See the Crystal Raindrops Fall

What’s Left of Me — Kat Zhang
Hybrid Chronicles, book 1

Left Of Me

2012’s What’s Left of Me is the first volume in Kat Zhang’s Hybrid Chronicles.

Alone of all the world’s regions, only the Americas have chosen to eliminate the two-minded adult hybrids, to seal themselves off from the chaos that hybrids cause. The rest of the world can have its Great Wars, but North and South America are secure, peaceful, and steadfastly conventional.

Like all human children everywhere, Eva and Addie were born as hybrids, two minds sharing a single body. Most New World children settle, a process in which the weaker of the two minds fades away, leaving only a single, stable, intellect. Although clearly fated to vanish, Eva lingered on, unable to control the shared body, but still present. Despite the best treatments modern medicine could offer, it seemed the child was doomed to be one of those unfortunates safely sequestered away from decent folk.

Eva_and_Addie eluded institutionalization by embracing the one technique that would keep the adults satisfied. They lied.


Still double-minded, Eva_and_Addie pretend only Addie remains. One body, one mind, and the adults (while still aware of the child’s alarming medical history) stop paying close attention to the child. They believe it won’t be necessary to dispatch them to some dour asylum for life. The duo’s pretense requires constant vigilance to avoid exposing their secret, but thus far it has been successful.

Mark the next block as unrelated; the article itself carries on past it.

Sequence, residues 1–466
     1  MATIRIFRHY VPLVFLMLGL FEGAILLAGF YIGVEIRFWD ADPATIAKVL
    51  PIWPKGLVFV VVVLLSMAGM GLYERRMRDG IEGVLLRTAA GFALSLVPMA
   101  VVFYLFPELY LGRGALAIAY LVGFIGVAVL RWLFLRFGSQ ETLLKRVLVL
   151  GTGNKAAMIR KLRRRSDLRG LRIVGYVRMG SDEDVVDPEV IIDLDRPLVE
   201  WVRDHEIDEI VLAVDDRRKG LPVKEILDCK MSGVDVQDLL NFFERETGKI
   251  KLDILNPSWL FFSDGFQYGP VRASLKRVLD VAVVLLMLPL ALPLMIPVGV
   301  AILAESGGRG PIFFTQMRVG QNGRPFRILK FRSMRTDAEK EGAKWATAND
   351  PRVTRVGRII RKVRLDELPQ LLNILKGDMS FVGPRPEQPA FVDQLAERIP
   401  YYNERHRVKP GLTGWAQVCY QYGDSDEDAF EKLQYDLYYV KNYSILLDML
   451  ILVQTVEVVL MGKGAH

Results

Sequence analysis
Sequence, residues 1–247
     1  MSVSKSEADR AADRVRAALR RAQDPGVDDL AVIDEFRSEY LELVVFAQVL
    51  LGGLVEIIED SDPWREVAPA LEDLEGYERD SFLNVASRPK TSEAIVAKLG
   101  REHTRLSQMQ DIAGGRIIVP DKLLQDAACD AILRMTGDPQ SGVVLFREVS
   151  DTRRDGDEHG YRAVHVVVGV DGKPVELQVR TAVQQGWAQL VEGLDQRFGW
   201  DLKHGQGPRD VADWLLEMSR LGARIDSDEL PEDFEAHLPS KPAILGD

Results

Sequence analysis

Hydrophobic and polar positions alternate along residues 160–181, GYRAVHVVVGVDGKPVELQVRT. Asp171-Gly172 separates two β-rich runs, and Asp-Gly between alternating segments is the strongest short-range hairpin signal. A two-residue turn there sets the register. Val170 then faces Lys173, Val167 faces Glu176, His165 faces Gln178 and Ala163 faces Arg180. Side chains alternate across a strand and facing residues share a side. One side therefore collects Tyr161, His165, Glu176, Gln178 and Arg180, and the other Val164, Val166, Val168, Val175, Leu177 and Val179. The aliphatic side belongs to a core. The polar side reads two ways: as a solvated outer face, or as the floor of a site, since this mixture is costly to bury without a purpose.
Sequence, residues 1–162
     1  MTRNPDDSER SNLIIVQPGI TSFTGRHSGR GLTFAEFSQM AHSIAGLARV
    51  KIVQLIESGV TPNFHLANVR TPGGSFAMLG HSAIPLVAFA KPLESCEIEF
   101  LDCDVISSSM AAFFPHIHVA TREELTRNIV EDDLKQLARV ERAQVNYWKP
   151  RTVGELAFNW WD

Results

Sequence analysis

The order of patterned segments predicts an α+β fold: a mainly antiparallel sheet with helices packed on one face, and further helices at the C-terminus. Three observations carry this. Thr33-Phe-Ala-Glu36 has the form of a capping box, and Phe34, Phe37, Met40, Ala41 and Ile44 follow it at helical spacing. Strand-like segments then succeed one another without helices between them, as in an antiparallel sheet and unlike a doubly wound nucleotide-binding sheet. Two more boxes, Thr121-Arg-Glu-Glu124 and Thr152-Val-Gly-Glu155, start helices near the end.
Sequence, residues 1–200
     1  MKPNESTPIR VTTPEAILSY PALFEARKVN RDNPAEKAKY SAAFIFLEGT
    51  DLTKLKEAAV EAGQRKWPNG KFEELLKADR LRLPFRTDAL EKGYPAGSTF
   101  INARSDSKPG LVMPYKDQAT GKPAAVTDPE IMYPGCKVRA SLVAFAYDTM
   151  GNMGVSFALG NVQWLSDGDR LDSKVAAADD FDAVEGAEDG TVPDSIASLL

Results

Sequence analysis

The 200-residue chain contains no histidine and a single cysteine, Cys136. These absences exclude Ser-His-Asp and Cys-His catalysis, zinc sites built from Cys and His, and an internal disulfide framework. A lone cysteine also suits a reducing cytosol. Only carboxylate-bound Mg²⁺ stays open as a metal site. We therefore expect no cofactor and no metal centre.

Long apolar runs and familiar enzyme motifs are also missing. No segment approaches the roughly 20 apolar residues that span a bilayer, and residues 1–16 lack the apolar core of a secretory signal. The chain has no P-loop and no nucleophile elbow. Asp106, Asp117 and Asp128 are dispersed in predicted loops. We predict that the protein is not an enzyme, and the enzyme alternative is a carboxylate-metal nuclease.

What self-deluding adults miss, other hybrids (those who are passing, those who have successfully concealed their nature) notice. Hally Mullan is actually Hally_and_Lissa. Hally_and_Lissa, like their brother Ryan_and_Devon, are as double-minded as Eva_and_Addie. Behaviours that seem merely a little eccentric to adults are obvious tells to Hally_and_Lissa. Motivated by a desire to help a fellow hybrid, Hally_and_Lissa befriend Eva_and_Addie. The revelation that Hally_and_Lissa are a fellow hybrid initially provokes alarm, but the companionship of a fellow hybrid is too much to pass up. The alternative is a life spent in solitude in a society that fears and persecutes adult hybrids.

The downside of befriending fellow hybrids is that if they are caught, their friends may be caught as well. Ryan has enough time to warn Eva_and_Addie to run before he is detained. Eva_and_Addie fail to take advantage of this warning in time. Handed over to the medical authorities by their own well-meaning parents, Eva_and_Addie (along with Ryan_and_Devon and Hally_and_Lissa) are sent away to the Nornand Clinic of Psychiatric Health.

Most hybrid asylums are mere holding facilities, prisons whose inhabitants will never leave. Nornand is a progressive facility, determined to cure the hybrids of their lamentable condition. Never mind that the hybrids don’t want to be cured. The hybrids are clearly ill; their denial that they are ill proves that they are.

Progress comes at a cost. Medical science does not fully understand why some people remain hybrids and other do not. Treatments are hit-or-miss. New treatments are, alas, sometimes fatal. But you cannot make omelettes without breaking eggs. To Nornand, Eva_and_Addie are just another egg…

 ~oOo~

The scientists of the time believe that the propensity for adults to remain hybrids has a strong genetic component. Accordingly, the government has carried out a long-running eugenics program to eliminate the unwanted genes from the New World gene pool. More accurately, they have committed (and are committing) a long running genocide, to the point that even a moderately unusual phenotype is grounds for suspicion that someone is foreign. Not that they would call it genocide. This is mere housecleaning. The state is quite open about the means used to produce an adult population free of hybrids.